Stephen Marley was reading an article about the state of reggae that didn’t have much good to say about where the Jamaican form of music was today. He set about writing new songs that became a two-album reggae opus. He’ll release the first one in May; it’s titled Revelation Part 1: The Root of Life.
“The whole concept behind this one is really going back to the traditional sounds of reggae music,” Marley says. “Old-school reggae music. The whole rich sounding thing with organs and clavinets and acoustic pianos. The whole integrity of that sound.
“That article was so certain that reggae was in decline. That’s what really started the vibe. One song led to the next song, and the whole thing that was coming out of me was this music about its roots.”
The second part, which Marley plans to release in October will be Revelation Part 2: The Fruit of Life, which he hopes will prove there is a viable path for the genre’s future beyond the summer party music that dominates dancehalls. “It’s the evolution of reggae music, branching into hip-hop and other things,” Marley says. “It’s a very different sound, a more eclectic album.”
Marley maintains his father’s affinity for songs that deal with “social topics as well as spiritual topics.”
“There’s one song called Old Slaves,” he says. “How that song came about was I went to the Whole Foods store in Miami. I was looking for peppermint. I passed this lady, and she clutched her purse. It took me aback. I thought, ‘Man, we’re not that far from yesterday, are we?’ That whole stigma, everyone is affected by it, and it’s still around.”
Marley turns 38 in a week. He only has two albums to his credit prior to his Revelation series, 2007’s excellent Mind Control and an acoustic version of that album released a year later. But for years he was quietly the most productive of Bob and Rita Marley’s children. He was recording and performing by age 8 and soon after he joined brother Ziggy’s Melody Makers. As he got older, Marley found his place doing production work for various reggae performers including several of his siblings. He made Grammy-winning albums for Julian and Damian Marley. Damian even enjoyed the rare breakthrough on the U.S. pop charts with the Stephen-produced Welcome to Jamrock in 2005.
Following that success, Marley decided it was time to begin his own career as a writer and performer. The songs on Mind Control were infused with a distrust of authority yet hopeful for the future. They were reverent toward the roots of Jamaican music, but they were meant to sound modern. For those who felt they were too flashy, Mind Control Acoustic emphasized a gifted singer and songwriter.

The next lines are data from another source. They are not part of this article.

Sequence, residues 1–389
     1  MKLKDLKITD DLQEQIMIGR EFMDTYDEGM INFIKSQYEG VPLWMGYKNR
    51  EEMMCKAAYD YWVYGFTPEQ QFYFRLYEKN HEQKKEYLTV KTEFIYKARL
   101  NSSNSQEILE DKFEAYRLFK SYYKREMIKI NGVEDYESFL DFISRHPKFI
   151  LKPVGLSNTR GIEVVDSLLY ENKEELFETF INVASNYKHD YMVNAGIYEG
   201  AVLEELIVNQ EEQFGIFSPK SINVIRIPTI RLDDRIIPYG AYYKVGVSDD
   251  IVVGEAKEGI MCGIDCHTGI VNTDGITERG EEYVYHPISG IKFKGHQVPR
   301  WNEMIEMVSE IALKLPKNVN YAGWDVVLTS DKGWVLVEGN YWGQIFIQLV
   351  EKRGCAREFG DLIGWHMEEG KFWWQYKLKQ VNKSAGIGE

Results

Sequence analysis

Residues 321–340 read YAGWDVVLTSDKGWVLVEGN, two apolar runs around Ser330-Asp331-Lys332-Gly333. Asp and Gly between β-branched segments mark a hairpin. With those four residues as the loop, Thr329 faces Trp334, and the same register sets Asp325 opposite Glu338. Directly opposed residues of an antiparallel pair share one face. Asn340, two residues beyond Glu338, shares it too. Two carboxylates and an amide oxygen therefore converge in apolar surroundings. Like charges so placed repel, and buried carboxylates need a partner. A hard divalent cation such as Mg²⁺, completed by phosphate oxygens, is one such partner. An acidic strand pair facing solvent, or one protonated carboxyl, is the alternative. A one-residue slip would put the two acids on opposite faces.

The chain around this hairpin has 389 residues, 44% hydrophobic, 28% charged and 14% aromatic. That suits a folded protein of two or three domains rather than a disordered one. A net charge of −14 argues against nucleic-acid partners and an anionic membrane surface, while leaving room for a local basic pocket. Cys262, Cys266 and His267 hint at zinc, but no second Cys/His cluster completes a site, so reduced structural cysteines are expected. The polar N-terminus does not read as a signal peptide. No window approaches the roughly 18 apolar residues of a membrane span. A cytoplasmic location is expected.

“It was a different perspective than the band,” Marley says.
He’ll never veer too far from roots reggae. He believes, as has been suggested by some, that reggae is the music that most resembles a human heartbeat. “I do believe it really is the sound of the womb and it becomes your pulse,” he says. “That boomp boomp, boomp boomp.”
Marley is heartened that the music of Jamaica is taking hold in other parts of the world, particularly in Africa. His hope is that it will undergo a renaissance in the country that created it.
“It’s where the music originated,” he says. “There were influences from all over, but it happened in Jamaica. And I think it’s lost some of that sense of purpose of the old reggae music. Some of that integrity. People from all walks of live from all sorts of culture do God’s work. No boundaries. So maybe other people playing great reggae will be a sign and a wake-up call to Jamaica. Like, listen, reggae music belongs to the world. But remember where its roots are.”
In addition to his twofer, Marley is working on a new record with Damian. And Julian, he says, is also looking to get back into the studio. And there will be lots of touring.
“It’s a lot of work,” he says and laughs. “But I’m hoping there’s a revelation revolution about to take place.”
when: 8 p.m. Tuesday
where: Warehouse Live, 813 St. Emanuel
tickets $22.50-$25; 713-225-5483 or www.warehouselive.com